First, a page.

Recently I visited my 28 year old daughter and her partner in Seattle as a houseguest for a few nights. The experience was new and as roles subtly reversed I realized there are some tips worth sharing with other parents of Millenials about to experience the same.
The adventurous couple moved to Seattle from NYC to enjoy a better lifestyle – nature, skiing, lower cost of living. After renting an apartment sight unseen, it is certainly an upgrade: for the same price as NY they now have a huge two bedroom with a gorgeous mountain view and a full backyard complete with thriving vegetable garden.
Last week I arrived at their new home with my suitcase and Lola (our cockapoo) in tow. Talia said that they’d gotten everything ready since I was their first houseguest – overnight or otherwise. A futon, sheets, towels were ready for me. She admitted that they’d forgotten to get a comforter or pillows but we would make do! And we did.
That evening I was standing in the powder room staring at my toothbrush and the new bath towel that hung from a small ring on the wall, tags still intact, and thought – this is the first time I’ve been a +1 houseguest at one of my kids’ and partners’ homes. I felt something shift, and realized that our family had progressed to a new milestone. The tides were turning. Once the parent, the host, the provider – for the next couple of nights I was the guest, the visitor, the third person.
Our family has had so many milestones as the kids grew, I suppose I just didn’t see this one coming!
Here are some thoughts and behaviors that helped make the stay positive…and hopefully get me invited back again:
- Internal acknowledgement that this is their home, I am a guest. Consider the behaviors that you appreciate in a guest – like if you take your shoes off, guests should do the same. When you’re cleaning dishes, it’s annoying when guests start watching TV. (And by guests, I also mean adult kids coming home!)
- Your children’s partners are their people, not you. It’s easy to assume that we will fall into our mother/child patterns when you’re together, but that would likely make any partner feel left out in his their home. You are the third person now, and it’s helpful to state that internally before and during the visit.
- Parents have strong opinions – sometimes they’re not useful. I’m still learning when and when not to express them, and sometimes my fingers get close to the flame. I decided before arriving that my opinions are irrelevant unless asked. How they live, what their furniture or back yard look like are their business. Being generous with compliments while holding back on subjective judgements unless asked seemed to work well.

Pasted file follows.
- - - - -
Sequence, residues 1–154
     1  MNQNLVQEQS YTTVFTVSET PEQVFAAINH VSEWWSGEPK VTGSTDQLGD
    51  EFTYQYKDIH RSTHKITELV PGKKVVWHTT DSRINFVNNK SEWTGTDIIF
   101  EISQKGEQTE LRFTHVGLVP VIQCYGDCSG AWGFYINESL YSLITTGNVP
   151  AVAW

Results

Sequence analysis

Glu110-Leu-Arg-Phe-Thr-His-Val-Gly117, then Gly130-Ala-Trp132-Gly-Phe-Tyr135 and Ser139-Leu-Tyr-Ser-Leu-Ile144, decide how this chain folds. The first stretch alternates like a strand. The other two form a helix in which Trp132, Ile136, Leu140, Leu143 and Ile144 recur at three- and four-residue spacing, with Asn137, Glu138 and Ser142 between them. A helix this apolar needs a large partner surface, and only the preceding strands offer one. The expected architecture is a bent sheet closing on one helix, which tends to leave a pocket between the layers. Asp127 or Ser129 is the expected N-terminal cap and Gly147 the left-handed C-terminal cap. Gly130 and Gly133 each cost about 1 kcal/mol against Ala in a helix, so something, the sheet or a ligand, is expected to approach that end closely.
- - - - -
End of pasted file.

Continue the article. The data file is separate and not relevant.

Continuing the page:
- Be helpful but not overbearing. My mom would take over when she visited which made me feel like I was 12 yo again. With this in mind I offered help, but didn’t press to do things my way. Talia is a very open and relaxed person so was happy to take me up on going food shopping and cutting fresh flowers from the garden for them. It made me feel good to contribute, and I think she and her partner were pleased too.
- Don’t overstay your welcome. I left a day earlier than planned, and we all agreed it would be best. While I was there a major and unplanned thing happened – they adopted a dog, and he arrived during my visit. It became obvious after an hour with 2 dogs and a gate between them in the apartment that it would be best if we shifted our plans. I think the decision and flexibility was appreciated all around.
As life progresses, our relationships should too.
I want to have adult relationships with my kids (and their partners) and though I’m a parent, I also appreciate our friendships and ability to hang out together – either 1:1, 2:1 or 2:2. Both kids have partners so there are four adults to think about and work on relationships with now. This is a beautiful opportunity to deepen our understanding about each other, and at the end of the day, understand more about myself.
Would love to hear what works in your family!